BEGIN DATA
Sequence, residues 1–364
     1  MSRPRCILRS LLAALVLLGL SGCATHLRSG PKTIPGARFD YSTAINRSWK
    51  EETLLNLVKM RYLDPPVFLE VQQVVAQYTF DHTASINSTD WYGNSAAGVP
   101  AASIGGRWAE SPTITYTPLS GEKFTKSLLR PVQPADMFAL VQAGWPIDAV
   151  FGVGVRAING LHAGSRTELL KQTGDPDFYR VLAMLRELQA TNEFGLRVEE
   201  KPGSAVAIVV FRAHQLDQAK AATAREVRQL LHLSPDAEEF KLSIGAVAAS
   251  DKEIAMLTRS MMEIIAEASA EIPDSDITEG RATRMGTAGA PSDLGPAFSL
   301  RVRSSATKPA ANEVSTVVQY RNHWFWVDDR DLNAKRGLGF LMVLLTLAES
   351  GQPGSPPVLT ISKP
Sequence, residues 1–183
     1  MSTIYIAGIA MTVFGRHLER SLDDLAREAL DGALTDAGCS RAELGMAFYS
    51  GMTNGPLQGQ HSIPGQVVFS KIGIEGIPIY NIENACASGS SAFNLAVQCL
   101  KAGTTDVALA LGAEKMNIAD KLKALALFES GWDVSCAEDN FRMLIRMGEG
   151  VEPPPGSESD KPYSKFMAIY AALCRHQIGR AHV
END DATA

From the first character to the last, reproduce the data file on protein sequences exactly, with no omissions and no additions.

Sequence, residues 1–364
     1  MSRPRCILRS LLAALVLLGL SGCATHLRSG PKTIPGARFD YSTAINRSWK
    51  EETLLNLVKM RYLDPPVFLE VQQVVAQYTF DHTASINSTD WYGNSAAGVP
   101  AASIGGRWAE SPTITYTPLS GEKFTKSLLR PVQPADMFAL VQAGWPIDAV
   151  FGVGVRAING LHAGSRTELL KQTGDPDFYR VLAMLRELQA TNEFGLRVEE
   201  KPGSAVAIVV FRAHQLDQAK AATAREVRQL LHLSPDAEEF KLSIGAVAAS
   251  DKEIAMLTRS MMEIIAEASA EIPDSDITEG RATRMGTAGA PSDLGPAFSL
   301  RVRSSATKPA ANEVSTVVQY RNHWFWVDDR DLNAKRGLGF LMVLLTLAES
   351  GQPGSPPVLT ISKP
Sequence, residues 1–183
     1  MSTIYIAGIA MTVFGRHLER SLDDLAREAL DGALTDAGCS RAELGMAFYS
    51  GMTNGPLQGQ HSIPGQVVFS KIGIEGIPIY NIENACASGS SAFNLAVQCL
   101  KAGTTDVALA LGAEKMNIAD KLKALALFES GWDVSCAEDN FRMLIRMGEG
   151  VEPPPGSESD KPYSKFMAIY AALCRHQIGR AHV